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Rural Fire Crews Stand Ready in Northeast Washington

Will Folsom via Flickr, Creative Commons License

Rural fire crews in northeast Washington are on alert, hoping no major fires break out before the rains finally arrive.

The ponderosa forests of Stevens County are tinder dry right now, and fire managers hope they have enough resources to be able to handle what might be in store before fire season is over. In Fire District 1, there are eight paid crew members and 50-55 volunteers. The district has eight stations that cover 375 square miles of southeast Stevens County.

District 1 Fire Chief Mike Bucy says fire seasons in 2014 and 2015 were extremely busy for the district but last summer, and so far this summer, have been slow with just minor fires.

This summer, they have been sharing their resources, crew members and trucks with other fire districts. One of those fires being the Jolly Mountain fire, burning near Cle Elum.

Bucy says resources in the state right now are getting spread pretty thin but they try to prepare locally for what might be ahead.

“If we do have a big event coming up, a red flag warning, a fire weather watch, anything like that, we try to put a lot of extra staffing on," he said. "We pay our volunteers extra to come in, and staff rigs with our career guys, so have more resources to put on the fire quickly.”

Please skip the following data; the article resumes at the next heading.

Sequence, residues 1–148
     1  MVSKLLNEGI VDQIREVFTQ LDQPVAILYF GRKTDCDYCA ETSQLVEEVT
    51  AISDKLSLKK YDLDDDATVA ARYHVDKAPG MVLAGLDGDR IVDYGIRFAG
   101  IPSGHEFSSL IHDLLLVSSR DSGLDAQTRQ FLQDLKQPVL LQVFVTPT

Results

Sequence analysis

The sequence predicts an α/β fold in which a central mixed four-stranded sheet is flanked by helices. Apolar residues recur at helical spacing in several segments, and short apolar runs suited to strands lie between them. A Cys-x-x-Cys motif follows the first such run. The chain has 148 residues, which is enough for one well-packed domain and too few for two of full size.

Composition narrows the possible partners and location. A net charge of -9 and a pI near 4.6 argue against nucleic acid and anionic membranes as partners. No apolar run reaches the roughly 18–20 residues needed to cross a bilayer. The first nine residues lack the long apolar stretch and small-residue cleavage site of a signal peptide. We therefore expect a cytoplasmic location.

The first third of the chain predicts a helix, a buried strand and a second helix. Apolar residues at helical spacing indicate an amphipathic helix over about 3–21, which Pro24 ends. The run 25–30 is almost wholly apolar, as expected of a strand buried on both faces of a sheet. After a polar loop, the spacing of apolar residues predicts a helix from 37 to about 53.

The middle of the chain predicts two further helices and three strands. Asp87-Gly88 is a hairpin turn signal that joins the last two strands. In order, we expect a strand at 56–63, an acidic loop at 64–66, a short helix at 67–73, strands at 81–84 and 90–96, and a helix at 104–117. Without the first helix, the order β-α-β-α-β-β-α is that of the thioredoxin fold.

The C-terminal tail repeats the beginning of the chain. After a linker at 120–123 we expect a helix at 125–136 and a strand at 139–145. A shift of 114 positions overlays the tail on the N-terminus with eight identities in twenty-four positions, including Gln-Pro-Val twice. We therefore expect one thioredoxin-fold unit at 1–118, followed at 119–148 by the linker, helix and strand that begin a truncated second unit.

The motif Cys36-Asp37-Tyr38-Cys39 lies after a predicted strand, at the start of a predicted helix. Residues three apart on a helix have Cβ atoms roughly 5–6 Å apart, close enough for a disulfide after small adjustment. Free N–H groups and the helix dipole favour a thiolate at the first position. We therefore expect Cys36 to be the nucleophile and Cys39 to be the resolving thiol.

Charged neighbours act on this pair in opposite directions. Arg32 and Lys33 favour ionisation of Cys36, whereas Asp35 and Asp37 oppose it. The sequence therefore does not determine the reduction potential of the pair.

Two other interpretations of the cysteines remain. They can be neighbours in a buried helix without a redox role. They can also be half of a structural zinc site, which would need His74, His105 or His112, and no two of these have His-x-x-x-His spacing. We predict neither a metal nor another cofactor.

Bucy says the strategy is to get a handle on any fire that breaks out within one hour. He says they often coordinate with other Stevens and Spokane County districts for any local fires.

He says air resources are available through the Department of Natural Resources, with a couple of smaller planes and two helicopters based close by in Deer Park.

“There are, I believe, a plane and helicopter up in Colville, and the other place for us is Omak, and they can get here in 25 minutes. And the heavier retardant planes, there are some based in Moses Lake and some in Coeur d Alene,” Bucy said.

Bucy says the planes are important especially for the initial response to a wildfire.

He adds that his district and others are always looking for additional volunteer firefighters. Anyone interested can contact their local fire station for more information.

Steve was part of the Spokane Public Radio family for many years before he came on air in 1999. His wife, Laurie, produced Radio Ethiopia in the late 1980s through the '90s, and Steve used to “lurk in the shadowy world” of Weekend SPR. Steve has done various on air shifts at the station, including nearly 15 years as the local Morning Edition host. Currently, he is the voice of local weather and news during All Things Considerd, writing, editing, producing and/or delivering newscasts and features for both KPBX and KSFC. Aside from SPR, Steve ,who lives in the country, enjoys gardening, chickens, playing and listening to music, astronomy, photography, sports cars and camping.